10. Denver Police Officers Not Allowed to Work Off-Duty at Pot Shops A departmental order issued by the Denver Police Department bans police officers from working as security guards at recreational marijuana shops in their 0ff-duty time. Denver police officers are allowed to work off-duty security jobs at venues such as bars and sporting events. Officers are paid about $45 per hour by the private businesses to stand as an armed guard. This allows businesses to offer a police presence but does not take away from city resources. However, department policy does prohibit officers from providing off-duty services to “any establishment which constitutes a threat to the status of dignity of the police as a professional occupation.” Recreational pot shops are considered by the Denver PD to fall under that category. “We’re going to do everything we can to make sure those businesses are safe, but we’re not going to work inside those businesses,” said Sonny Jackson, a department spokesman. “It’s a new industry, and we’re not sure what it’s going to entail.” The memo, delivered to all Denver PD sworn personnel, states, “This restriction prohibits officers from providing security at any such location and from providing security for the transportation of financial proceeds from any marijuana-related business. Officers can expect future revisions regarding policies pertaining to marijuana as the laws are developed and finalized.” Up until last week, Denver police had no written policy about secondary employment at medical marijuana businesses. The new regulations come as a result of the conflict between state and federal law. Police Union President Nick Rogers said, “Can you imagine a Denver cop in full uniform working at a marijuana store when the feds come and serve a search warrant?” Police will be on hand to help with crowd control when recreational marijuana shops begin to open next year, but do not expect to see them step foot inside a Denver pot shop. [Source]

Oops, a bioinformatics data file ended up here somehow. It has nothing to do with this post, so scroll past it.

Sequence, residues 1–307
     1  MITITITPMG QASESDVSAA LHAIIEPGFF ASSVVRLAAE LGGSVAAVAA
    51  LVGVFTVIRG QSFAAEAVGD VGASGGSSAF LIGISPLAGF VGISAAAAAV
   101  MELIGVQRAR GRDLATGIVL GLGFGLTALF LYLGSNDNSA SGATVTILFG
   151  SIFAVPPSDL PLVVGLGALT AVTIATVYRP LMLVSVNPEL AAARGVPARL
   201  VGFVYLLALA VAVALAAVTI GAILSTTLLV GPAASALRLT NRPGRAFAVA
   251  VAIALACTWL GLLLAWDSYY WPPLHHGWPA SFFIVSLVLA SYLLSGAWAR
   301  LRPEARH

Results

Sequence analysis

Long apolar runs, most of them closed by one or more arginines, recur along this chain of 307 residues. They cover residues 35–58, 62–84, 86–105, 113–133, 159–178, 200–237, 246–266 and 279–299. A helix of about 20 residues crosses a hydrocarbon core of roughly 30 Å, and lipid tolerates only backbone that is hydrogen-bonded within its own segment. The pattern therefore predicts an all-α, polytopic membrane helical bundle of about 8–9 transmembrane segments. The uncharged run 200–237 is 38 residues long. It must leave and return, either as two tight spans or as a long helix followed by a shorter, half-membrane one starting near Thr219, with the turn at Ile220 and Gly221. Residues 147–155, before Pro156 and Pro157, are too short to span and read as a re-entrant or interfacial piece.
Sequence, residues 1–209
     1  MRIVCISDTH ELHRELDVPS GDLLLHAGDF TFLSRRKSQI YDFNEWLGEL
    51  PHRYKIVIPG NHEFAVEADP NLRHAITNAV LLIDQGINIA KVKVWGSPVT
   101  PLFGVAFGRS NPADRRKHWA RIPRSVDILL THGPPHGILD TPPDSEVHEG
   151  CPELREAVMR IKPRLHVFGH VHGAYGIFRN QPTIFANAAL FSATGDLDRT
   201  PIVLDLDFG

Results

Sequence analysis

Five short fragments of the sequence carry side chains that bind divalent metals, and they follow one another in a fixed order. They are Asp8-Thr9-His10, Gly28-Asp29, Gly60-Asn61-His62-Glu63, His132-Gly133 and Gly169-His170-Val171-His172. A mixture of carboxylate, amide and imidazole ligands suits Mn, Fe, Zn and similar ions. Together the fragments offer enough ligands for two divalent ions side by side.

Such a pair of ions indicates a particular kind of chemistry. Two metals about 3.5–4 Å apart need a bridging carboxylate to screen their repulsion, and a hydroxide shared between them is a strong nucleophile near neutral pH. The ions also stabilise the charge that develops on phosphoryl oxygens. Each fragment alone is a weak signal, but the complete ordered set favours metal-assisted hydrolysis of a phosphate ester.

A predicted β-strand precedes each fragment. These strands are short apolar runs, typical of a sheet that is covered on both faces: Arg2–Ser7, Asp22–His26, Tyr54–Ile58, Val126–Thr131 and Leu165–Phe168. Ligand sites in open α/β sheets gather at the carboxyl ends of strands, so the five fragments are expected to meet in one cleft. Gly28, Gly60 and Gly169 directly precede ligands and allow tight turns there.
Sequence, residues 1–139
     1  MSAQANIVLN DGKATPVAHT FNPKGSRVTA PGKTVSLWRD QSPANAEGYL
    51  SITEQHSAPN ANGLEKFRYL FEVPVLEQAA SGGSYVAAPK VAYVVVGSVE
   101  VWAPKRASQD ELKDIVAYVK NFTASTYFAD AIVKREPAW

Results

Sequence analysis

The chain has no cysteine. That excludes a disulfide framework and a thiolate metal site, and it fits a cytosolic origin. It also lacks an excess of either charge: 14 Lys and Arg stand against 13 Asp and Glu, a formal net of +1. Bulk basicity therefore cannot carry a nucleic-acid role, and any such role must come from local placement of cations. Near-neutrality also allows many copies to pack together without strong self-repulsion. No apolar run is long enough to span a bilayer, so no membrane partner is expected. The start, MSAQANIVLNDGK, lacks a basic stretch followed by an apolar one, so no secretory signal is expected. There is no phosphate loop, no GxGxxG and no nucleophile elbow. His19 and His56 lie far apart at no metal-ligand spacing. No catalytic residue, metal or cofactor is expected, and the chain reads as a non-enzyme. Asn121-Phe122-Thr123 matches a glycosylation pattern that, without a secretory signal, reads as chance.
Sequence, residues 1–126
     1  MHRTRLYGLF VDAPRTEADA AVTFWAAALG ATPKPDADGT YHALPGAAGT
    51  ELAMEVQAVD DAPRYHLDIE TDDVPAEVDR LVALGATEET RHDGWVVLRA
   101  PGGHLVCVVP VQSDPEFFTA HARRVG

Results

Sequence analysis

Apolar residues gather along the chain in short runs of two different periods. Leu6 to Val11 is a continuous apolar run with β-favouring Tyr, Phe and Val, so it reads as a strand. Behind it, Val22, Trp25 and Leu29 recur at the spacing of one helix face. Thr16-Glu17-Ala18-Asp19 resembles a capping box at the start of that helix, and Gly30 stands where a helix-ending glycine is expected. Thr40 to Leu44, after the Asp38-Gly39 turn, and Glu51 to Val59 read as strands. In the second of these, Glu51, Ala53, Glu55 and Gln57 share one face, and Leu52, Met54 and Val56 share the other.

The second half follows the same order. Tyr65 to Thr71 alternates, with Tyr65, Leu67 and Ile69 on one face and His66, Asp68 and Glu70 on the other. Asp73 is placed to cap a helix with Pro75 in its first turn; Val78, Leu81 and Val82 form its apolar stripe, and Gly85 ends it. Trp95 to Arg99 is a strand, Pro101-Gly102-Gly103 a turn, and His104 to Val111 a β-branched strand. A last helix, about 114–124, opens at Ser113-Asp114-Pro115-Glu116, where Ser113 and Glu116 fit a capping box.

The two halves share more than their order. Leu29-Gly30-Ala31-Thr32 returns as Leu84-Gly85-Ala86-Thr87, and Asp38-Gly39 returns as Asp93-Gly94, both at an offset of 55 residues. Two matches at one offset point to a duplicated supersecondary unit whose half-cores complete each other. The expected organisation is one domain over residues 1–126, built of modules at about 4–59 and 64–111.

11. San Jose Begins Crackdown on Medical Marijuana Businesses On Tuesday, the San Jose City Council voted 8-3 to support a package of medical marijuana business-related laws that they will take a final vote on in March. In the meantime, however, the council told city code officials to start taking action against medical marijuana businesses that are located close to homes. On Wednesday, San Jose, Ca. officials began shutting down medical marijuana shops that are located too close to homes. These crackdowns are the first step the city is taking as part of a strict set of new regulations set to roll out in full in 2014. Overall, the new regulations would limit where medical marijuana dispensaries can be located. Under the new laws, medical marijuana businesses would be limited to operate in about 1% of the city in an industrial area in the northern tip of the city away from schools, homes, and drug rehab facilities. San Jose currently has no legislation banning marijuana shops but there is also no legislation expressly allowing them, which gives the city council the authority to shut them down. Previously, the city had only targeted dispensaries that elicited complaints from the community. Now, they are taking their enforcement activities to a new level. Councilwoman Rose Herrera attempted to enact to ban of pot shops altogether, but that effort failed by a 7-4 vote, with only Councilmen Xavier Campos, Kansen Chu and Pete Constant joining Herrera. [Source]